What is the process for translating modern words into Latin? For example, Latin Wikipedia has entries for tablet computatrum tabulare and smartphone sophophonum. Is there any particular process for coming up with these names, or do users of contemporary Latin come up with individual translations and use it until one of these "catches on"?
Basically, your second option is correct. There is the Vatican's Lexicon Recentis Latínitátis, referred to in the comment, but its approach to Latin is very idiosyncratic; debates over neologisms often get incredibly acrimonious, if you can believe it, but there are (VERY roughly) two schools: the "Ciceronian," in which making up words for concepts that didn't exist in ancient Rome is to be avoided whenever possible, and the "Erasmian," in which new concepts call for new ideas. ("Ciceronian" and "Erasmian" are my names for them, though they're not entirely accurate; Cicero made up words all the time, and Erasmus has a whole screed about how people who think you can't use any Latin Cicero didn't use are idiots.)
The Vatican is of the more "Ciceronian" school, which gives you, unfortunately, things like "immódica medicamenti stupefactívi iniéctió" as the official term for "overdose." Other than the Vatican, actually, I'm not aware of anybody who takes this approach to neologisms.
(Actually, now that I think of it, even the Vatican doesn't take this approach, or not always: The Diary of a Wimpy Kid was translated into Latin (Commentarií dé Ineptó Pueró) by one of the Pope's Latinists (Monsignor Daniel Gallagher), and it definitely doesn't use the Lexicon Recentis Latínitátis.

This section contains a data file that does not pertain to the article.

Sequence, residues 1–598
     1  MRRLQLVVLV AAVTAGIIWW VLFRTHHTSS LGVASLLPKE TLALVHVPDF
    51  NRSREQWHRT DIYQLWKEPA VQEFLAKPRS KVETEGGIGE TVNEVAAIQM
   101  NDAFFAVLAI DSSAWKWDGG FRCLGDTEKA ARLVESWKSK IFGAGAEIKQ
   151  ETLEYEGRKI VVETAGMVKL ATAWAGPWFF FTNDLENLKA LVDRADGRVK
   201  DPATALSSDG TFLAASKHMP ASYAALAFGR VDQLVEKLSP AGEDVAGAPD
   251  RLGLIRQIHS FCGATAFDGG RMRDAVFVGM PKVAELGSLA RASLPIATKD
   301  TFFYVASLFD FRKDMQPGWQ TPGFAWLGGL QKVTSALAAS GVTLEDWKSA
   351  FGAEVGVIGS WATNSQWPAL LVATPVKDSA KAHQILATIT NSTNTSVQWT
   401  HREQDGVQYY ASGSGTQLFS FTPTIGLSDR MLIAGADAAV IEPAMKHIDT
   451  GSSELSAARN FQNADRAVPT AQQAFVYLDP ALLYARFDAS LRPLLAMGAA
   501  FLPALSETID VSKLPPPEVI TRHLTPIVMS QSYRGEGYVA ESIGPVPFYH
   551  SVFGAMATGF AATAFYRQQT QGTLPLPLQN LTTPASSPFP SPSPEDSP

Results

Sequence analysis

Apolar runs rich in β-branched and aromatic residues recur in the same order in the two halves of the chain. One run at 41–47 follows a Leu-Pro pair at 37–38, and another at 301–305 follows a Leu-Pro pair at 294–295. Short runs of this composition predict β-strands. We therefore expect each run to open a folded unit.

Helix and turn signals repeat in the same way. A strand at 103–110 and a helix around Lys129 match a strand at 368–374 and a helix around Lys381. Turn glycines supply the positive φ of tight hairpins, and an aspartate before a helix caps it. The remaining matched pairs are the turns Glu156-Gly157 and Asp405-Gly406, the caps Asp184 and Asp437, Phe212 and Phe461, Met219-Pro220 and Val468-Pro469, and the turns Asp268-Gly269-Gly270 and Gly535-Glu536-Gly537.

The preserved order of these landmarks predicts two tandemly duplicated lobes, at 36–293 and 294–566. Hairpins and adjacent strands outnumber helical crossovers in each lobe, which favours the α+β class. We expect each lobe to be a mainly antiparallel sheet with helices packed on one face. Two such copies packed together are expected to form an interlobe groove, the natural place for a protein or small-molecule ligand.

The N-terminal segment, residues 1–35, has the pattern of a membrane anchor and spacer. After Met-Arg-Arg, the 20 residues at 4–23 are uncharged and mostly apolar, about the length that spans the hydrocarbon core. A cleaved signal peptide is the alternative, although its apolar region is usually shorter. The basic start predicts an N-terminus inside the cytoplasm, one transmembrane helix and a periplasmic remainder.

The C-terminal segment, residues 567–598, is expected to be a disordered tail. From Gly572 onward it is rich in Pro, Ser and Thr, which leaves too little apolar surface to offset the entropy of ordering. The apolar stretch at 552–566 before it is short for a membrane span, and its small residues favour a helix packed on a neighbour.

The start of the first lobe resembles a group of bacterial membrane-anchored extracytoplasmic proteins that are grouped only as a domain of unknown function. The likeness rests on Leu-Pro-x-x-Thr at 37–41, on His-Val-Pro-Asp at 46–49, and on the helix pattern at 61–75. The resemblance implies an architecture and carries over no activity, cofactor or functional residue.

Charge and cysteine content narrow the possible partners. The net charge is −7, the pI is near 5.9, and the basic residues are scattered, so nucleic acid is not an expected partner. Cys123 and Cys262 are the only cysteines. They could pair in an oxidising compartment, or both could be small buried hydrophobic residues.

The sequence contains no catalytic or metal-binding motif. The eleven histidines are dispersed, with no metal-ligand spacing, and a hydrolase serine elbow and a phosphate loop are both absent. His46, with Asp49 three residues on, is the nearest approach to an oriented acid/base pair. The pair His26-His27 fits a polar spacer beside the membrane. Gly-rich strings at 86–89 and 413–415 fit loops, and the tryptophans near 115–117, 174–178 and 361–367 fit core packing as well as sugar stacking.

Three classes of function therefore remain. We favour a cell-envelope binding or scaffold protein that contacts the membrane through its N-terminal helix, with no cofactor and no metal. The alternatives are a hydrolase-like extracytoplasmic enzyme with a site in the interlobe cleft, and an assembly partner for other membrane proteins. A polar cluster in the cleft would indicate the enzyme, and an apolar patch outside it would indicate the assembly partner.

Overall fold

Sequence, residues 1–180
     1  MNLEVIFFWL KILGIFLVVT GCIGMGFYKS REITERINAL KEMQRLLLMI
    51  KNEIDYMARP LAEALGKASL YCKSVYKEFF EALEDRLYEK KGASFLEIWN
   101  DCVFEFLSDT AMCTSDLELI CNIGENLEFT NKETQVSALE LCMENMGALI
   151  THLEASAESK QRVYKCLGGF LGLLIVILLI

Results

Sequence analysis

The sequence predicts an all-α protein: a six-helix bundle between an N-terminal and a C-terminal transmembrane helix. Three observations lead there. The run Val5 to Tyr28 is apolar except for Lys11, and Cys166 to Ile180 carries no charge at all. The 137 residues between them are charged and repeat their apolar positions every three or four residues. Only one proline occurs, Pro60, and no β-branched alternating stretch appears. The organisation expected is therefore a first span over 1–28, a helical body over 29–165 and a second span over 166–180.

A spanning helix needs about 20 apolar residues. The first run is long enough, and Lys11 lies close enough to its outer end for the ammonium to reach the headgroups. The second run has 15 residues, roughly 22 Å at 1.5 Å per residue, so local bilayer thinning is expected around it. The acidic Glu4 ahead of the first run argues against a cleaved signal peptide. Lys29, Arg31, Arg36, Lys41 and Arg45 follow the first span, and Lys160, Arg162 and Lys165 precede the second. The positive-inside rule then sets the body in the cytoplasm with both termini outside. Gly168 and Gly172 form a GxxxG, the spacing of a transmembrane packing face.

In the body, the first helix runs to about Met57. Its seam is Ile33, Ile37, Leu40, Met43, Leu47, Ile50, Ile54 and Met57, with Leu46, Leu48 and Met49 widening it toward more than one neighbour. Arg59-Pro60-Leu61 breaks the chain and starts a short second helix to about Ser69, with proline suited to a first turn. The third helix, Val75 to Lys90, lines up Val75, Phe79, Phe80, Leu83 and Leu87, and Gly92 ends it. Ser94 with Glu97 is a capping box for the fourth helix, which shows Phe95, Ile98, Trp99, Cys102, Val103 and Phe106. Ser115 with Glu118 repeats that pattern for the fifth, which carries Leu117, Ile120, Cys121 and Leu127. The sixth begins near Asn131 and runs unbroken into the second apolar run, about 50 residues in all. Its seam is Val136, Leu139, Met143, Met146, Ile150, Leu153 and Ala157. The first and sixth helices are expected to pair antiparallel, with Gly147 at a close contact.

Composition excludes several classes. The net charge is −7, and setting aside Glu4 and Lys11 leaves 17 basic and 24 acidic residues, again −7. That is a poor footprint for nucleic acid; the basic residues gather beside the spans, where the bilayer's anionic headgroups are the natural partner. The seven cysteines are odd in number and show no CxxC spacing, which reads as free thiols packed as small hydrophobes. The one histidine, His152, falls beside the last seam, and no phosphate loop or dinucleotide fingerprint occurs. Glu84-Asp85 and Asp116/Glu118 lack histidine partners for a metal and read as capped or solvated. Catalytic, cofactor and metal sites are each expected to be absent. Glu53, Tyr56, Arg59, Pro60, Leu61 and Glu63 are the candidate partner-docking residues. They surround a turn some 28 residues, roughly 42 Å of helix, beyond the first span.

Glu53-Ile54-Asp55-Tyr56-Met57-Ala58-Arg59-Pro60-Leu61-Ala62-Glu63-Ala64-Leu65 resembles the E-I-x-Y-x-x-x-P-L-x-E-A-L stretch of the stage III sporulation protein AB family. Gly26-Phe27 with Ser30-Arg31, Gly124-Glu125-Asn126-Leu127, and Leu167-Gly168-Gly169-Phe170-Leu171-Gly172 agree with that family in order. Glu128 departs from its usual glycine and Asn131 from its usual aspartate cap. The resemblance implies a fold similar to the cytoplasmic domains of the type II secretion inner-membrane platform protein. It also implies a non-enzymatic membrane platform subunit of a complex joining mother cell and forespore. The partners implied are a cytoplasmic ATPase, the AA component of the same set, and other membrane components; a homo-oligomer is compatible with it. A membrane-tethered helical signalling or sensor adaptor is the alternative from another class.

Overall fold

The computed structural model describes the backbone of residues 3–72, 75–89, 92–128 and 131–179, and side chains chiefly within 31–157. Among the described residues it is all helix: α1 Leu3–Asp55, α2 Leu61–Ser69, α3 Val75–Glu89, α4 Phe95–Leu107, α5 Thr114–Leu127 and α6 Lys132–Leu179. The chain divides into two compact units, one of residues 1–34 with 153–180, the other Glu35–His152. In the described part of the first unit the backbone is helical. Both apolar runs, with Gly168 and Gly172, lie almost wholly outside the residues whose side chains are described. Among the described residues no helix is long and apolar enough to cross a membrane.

So basically, somebody comes up with a word and it catches on. "World-wide web," for example, is widely known as "Téla Totíus Terrae," and I have to imagine that somebody came up with that and couldn't stop giggling, and it's so great (ttt) that there's no reason to come up with anything else. "Computátrum" is the generally used word for "computer" (though the Vatican prefers "ínstrúmentum computátrálium").
For what it's worth, David Morgan of Furman University put together a lexicon of Neo-Latin words that already exist that can be used for modern concepts. Careful, though, because the Lexicon Morganianum is in two parts, the adumbratio and the silva, and people tend not to realize this. Patrick Owens, the lexicon's current curator, explains the difference:
The Morgan-Owens Latin Lexicon is found under the link entitled "adumbratio" (see link below). The link entitled "silva" is a mere collection of other modern Latin dictionaries. If a term appears in the "silva" but not in the "adumbratio" it is because it has been intentionally rejected on philological grounds.
TL;DR: People come up with stuff and whatever sticks, sticks.